When I think of John James Audubon, I think of an itinerant naturalist/painter, roaming from one drawing opportunity to the next, perhaps carrying a big portfolio of works in progress under his arm. I think about the difficulty of curating paintings like this, what with mice and bugs and fire and rain and mildew. All my original work is either framed or lain away in darkness in secure oaken or metal flat files, groaning now with the weight of the paper within.
How can it be that ALL 470 of Audubon's original watercolors (and with gifts to the New-York Historical Society, four more) have survived intact and in more or less pristine condition to this day? At the height of the Civil War, the Society purchased by subscription all of Audubon's original work from his widow, Lucy Bakewell Audubon. And it is to Audubon, to her, and to the N-YHS we owe this incredible legacy, this gift beyond value. They all survived, and they are all in one secure place, carefully curated, each one in its own baker's box on shelves in humidity-controlled conditions.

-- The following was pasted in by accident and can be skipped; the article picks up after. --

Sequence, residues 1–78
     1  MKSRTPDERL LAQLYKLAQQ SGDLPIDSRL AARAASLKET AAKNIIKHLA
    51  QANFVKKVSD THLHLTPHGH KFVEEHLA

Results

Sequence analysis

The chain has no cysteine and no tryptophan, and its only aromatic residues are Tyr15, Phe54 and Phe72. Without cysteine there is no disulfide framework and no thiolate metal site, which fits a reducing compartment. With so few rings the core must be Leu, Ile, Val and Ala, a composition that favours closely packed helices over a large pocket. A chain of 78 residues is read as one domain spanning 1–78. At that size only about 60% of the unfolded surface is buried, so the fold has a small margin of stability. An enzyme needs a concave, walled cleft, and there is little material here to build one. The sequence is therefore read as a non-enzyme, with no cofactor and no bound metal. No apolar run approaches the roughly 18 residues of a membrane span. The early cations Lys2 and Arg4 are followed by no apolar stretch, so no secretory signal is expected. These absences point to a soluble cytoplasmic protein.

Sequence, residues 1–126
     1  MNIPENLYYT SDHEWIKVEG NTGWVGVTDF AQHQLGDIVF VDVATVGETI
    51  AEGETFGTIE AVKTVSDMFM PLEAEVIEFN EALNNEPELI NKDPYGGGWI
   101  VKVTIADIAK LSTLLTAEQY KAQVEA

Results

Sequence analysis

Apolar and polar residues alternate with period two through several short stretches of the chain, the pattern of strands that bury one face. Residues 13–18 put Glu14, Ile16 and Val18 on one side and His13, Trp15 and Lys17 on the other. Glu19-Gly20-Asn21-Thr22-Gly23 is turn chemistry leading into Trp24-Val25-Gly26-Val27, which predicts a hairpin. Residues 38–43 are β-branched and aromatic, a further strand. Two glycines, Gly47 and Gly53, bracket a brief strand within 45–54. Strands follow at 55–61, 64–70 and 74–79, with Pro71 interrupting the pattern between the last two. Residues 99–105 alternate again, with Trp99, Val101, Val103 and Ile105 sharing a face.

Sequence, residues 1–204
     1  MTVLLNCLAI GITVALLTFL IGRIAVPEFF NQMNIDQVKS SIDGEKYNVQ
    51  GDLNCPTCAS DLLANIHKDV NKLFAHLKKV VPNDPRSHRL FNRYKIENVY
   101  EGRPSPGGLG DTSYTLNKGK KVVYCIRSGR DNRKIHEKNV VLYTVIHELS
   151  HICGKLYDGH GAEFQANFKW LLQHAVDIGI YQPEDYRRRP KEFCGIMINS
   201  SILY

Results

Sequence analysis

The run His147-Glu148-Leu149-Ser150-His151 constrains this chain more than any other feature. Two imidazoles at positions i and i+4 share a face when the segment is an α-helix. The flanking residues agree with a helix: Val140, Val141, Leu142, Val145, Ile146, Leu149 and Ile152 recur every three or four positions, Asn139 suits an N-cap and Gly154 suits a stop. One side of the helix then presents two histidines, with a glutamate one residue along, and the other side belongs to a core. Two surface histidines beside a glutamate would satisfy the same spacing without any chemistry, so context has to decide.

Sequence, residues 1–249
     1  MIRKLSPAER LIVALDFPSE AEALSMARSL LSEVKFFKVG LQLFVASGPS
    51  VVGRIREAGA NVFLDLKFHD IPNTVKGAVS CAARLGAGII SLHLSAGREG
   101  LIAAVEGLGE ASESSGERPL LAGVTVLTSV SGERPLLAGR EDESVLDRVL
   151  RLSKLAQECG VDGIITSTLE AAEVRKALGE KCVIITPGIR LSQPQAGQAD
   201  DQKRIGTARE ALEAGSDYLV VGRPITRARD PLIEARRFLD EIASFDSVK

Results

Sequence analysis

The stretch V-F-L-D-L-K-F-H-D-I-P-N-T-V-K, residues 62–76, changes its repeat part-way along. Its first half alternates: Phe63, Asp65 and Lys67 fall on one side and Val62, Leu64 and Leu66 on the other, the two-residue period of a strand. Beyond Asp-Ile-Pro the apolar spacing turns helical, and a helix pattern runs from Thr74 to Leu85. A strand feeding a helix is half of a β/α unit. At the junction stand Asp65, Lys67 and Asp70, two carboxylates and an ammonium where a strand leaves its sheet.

It defies belief, but there they all are, and I was looking at one of my very favorites, if not my favorite, Audubon painting with a magnifying glass and tears starting in my eyes.
The only parrot native to the United States was a beautiful little doozy, Conuropsis carolinensis. Like almost all parrots, it flocked and chattered and squabbled, searching for fruits and seeds in the bottomland forests and croplands of a settling nation.